Wednesday, February 06, 2008

the evils of perfectionism

Yesterday in leading our weekly "devotions" at work for our team at RBC Ministries, I did something different, sharing two readings from Eugene Peterson's outstanding book, The Jesus Way, each from the chapter entitled, "David: I Did Not Hide My Iniquity." Since Peterson wrote the contents of the study guide we're using, and since we're on Psalm 51, I thought this was appropriate. My first reading was from pages 78-79 on the evils of perfectionism.

I have to give you an idea of what Peterson means by perfectionism. It's something like a high, holy standard set for ourselves and for others, especially for other professing Christians, by which we judge ourselves and others, and which we strive to fulfill ourselves.

Peterson decries the division that has been made between "carnal Christians" and "spiritual Christians" (a misreading of Scripture, I believe, by the way, which I used to believe in for years), as well as the sad reality that many a Christian has been waylayed from the Jesus way because of their own discouragement in not meeting such standards. Along with my reading of Dietrich Bonhoeffer's Life Together, how we should see ourselves and then live in Jesus, has been stewing some in my thoughts.

I think both Peterson and Bonhoeffer are right on this, though I don't know well how to think of this yet, and therefore how to express it in words. But I post on this today, to see if any of you have some thoughts on this.

I was raised in a pietistic church which emphasized externals such as dress, though we were the moderates among this spectrum of God's people, specifically among the Mennonites. This is not meant at all to disparage them; many good and loving people among them. Nor is it meant to judge any single one of them. But we did struggle somewhat with this evil of perfectionism.

Perfectionists see rightfully that Jesus walked in perfection here on earth, but they may be off in not noting how radically Jesus identified with sinners, like at his baptism with John the Baptizer. Also in the nuancing of his very humanl life, how Jesus depended on the Father, and was a down to earth creature, yes creature (as well as being the creator). And how our following of Jesus has provision for us in him, that was never needed by him, but is ever needed by us.

For example in John 13 on the eve of his crucifixion, Jesus washed all of his disciples' feet. No one washed Jesus' feet. In the picture of salvation and its ongoing reality in our lives in Jesus (salvation is past, present and future for God's people, in Scripture) we are forgiven and cleansed of our sins by faith. Jesus told his disciples that they had already had the bath of regeneration. We are thus cleansed, but living in this world we are defiled by sin. Sin is all around us on every side. And we ourselves struggle with it. So we're impacted by this struggle, and we don't always succeed in resisting temptation to sin. Therefore, as Jesus points out, while we don't need to be born again, again, or born from above again, given new birth, we do need our feet washed which in their case with their open foot ware, became dirty in all the dust they walked through.

Perfectionism says we must, or at least should be always squeaky clean. And usually perfectionists have formulas and/or lists to help Christians get there. The formulas may even be taken out of God's word, though invariably when they do this, they are taken out of context. And added to them may be a list of do's and don'ts. Things you should do if you're going to be perfect, and things you must avoid. This varies from group to group among these folks.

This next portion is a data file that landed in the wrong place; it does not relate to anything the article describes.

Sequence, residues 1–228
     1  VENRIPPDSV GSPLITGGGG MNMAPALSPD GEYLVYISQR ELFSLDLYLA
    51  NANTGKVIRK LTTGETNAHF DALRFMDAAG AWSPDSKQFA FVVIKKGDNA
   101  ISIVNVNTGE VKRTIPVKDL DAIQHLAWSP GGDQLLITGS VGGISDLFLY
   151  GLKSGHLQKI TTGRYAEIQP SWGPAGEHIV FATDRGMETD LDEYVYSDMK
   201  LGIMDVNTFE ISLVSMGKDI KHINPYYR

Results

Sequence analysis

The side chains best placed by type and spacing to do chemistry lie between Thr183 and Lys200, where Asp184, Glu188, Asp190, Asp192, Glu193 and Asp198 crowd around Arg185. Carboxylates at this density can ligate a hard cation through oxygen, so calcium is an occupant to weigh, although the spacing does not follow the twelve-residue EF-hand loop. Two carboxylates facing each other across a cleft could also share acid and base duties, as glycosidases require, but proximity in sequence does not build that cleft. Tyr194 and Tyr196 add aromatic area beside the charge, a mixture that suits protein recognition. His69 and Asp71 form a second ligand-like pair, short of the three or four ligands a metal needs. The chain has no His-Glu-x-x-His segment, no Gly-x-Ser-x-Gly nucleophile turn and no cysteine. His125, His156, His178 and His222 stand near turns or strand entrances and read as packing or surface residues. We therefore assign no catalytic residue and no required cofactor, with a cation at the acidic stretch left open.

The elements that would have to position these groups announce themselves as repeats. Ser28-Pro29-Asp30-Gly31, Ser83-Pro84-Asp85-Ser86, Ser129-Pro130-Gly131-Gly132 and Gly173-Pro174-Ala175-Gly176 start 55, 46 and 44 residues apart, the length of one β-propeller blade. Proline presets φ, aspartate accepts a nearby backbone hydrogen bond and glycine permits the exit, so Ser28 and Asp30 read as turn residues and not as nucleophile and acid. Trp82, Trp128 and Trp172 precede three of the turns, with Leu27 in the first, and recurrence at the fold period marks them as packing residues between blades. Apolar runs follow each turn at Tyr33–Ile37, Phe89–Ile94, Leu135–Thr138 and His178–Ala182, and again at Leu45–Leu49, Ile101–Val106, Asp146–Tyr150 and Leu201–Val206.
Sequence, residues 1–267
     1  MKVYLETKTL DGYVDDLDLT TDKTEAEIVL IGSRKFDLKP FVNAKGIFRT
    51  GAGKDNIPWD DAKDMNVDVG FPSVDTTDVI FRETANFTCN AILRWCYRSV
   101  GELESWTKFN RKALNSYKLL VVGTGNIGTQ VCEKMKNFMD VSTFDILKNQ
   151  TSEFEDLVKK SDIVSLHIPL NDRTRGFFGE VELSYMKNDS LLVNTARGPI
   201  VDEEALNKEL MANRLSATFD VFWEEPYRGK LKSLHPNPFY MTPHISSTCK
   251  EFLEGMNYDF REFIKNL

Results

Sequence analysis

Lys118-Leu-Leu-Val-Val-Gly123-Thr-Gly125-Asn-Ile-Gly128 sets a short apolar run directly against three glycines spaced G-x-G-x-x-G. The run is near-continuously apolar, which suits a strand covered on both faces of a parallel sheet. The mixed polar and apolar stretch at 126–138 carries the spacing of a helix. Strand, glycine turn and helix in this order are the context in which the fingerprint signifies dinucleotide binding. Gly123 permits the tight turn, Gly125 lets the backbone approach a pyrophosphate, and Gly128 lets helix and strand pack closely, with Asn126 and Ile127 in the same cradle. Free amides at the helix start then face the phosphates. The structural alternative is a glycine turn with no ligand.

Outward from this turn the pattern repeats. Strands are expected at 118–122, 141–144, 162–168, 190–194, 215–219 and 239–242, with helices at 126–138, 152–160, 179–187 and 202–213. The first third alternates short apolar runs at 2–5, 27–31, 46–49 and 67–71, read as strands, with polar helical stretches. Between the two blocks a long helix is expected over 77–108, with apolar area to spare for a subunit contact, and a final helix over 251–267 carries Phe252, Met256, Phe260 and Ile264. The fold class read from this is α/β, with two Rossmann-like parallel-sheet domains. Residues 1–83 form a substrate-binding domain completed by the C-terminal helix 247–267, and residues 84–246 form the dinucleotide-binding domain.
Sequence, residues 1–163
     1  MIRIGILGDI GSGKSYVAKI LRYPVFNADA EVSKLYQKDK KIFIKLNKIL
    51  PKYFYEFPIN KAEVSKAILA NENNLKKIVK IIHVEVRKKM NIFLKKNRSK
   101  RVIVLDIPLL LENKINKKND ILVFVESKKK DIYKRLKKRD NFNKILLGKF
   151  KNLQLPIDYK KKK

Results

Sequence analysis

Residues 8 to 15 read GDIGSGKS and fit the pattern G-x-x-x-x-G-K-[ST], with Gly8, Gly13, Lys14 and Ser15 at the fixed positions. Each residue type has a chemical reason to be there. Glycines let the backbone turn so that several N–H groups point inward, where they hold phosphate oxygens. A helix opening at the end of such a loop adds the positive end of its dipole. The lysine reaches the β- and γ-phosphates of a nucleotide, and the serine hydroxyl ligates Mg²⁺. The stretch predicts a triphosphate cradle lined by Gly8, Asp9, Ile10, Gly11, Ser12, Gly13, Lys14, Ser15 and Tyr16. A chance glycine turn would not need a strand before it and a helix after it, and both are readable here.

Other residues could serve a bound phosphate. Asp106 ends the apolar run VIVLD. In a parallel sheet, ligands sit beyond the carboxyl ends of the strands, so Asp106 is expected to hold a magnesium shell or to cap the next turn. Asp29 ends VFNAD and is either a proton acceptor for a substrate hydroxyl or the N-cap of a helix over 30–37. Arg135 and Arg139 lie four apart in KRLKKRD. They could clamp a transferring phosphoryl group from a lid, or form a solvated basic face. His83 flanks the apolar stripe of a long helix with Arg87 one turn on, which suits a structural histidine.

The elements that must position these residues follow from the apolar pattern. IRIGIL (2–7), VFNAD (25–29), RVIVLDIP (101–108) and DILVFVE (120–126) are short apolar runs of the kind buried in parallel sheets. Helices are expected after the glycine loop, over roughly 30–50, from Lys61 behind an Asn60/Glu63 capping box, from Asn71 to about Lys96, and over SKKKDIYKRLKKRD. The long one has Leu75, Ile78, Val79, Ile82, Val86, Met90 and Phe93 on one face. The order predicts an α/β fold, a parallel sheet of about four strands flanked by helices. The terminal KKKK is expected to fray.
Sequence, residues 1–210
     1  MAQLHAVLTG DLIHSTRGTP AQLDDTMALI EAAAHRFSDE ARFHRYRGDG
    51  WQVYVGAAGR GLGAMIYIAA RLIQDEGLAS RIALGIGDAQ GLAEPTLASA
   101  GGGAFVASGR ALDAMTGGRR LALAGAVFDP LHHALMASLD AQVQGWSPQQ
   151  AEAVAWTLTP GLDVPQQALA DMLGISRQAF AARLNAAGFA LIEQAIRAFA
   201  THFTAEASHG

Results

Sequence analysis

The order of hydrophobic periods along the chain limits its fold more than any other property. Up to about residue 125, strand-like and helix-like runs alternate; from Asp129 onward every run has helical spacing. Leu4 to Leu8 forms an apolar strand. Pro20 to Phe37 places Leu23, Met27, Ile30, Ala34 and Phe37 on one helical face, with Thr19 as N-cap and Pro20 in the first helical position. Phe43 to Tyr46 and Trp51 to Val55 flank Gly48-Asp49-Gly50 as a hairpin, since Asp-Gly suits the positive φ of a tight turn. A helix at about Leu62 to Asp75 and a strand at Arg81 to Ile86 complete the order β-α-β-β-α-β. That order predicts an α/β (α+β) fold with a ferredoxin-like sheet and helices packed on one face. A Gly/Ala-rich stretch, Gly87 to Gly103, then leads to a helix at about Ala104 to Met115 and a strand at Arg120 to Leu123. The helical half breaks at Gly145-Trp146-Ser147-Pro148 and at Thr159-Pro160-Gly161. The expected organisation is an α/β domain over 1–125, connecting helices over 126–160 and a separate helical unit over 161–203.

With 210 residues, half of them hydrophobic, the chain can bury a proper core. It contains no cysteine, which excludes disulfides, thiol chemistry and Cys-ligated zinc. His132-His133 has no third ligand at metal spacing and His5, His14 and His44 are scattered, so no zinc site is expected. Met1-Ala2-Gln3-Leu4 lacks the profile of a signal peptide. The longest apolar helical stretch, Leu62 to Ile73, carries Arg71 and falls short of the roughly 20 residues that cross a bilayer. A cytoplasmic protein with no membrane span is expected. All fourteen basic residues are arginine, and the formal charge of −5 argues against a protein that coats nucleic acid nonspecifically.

I remember one church I visited, males to males and females to females all greeted one another with a kiss on the cheek. They all had their regulated garb on, of course even with my suit and tie I routinely wore in those days (and probably did that day, though I think I had a white short-sleeved shirt since I think it was summer) I was out of place. At that time, at least, guys never wore shirts that did not cover their arms completely, even in the hot summers there. Now while these people would acknowledge that others knew the Lord outside of their group, they were prone to judge them according to this standard of perfection that was set for them as the standard they should live according to, if they were to be holy.

The sad reality is that we're not going to be perfect as in without sin in this life. This must never mean that we ever excuse our sin. Nor is it saying we have to sin. It's simply helping us to be sensitive and remain aware and open to the revelation of sin in our lives. Over and over in Scripture, and one might say, preeminently in the life of David, a man after God's own heart, do we see this displayed.

I plan to post some more on this. But I'm much interested in your take on this subject. Does anyone out there have something you'd like to share on this?


lorenzothellama said...

Ted, I think what you have written is brilliant! This is why I get so hot under the collar on the bluecoller fundamentalist blog. We all see God in different ways, ways that have maybe been shown to us and we are all different. The trouble with the fundamentalists is that they demand that everyone sees things the way they do, and if you don't then you are 'condemned to the Lake of Fire' and they tell their children that too.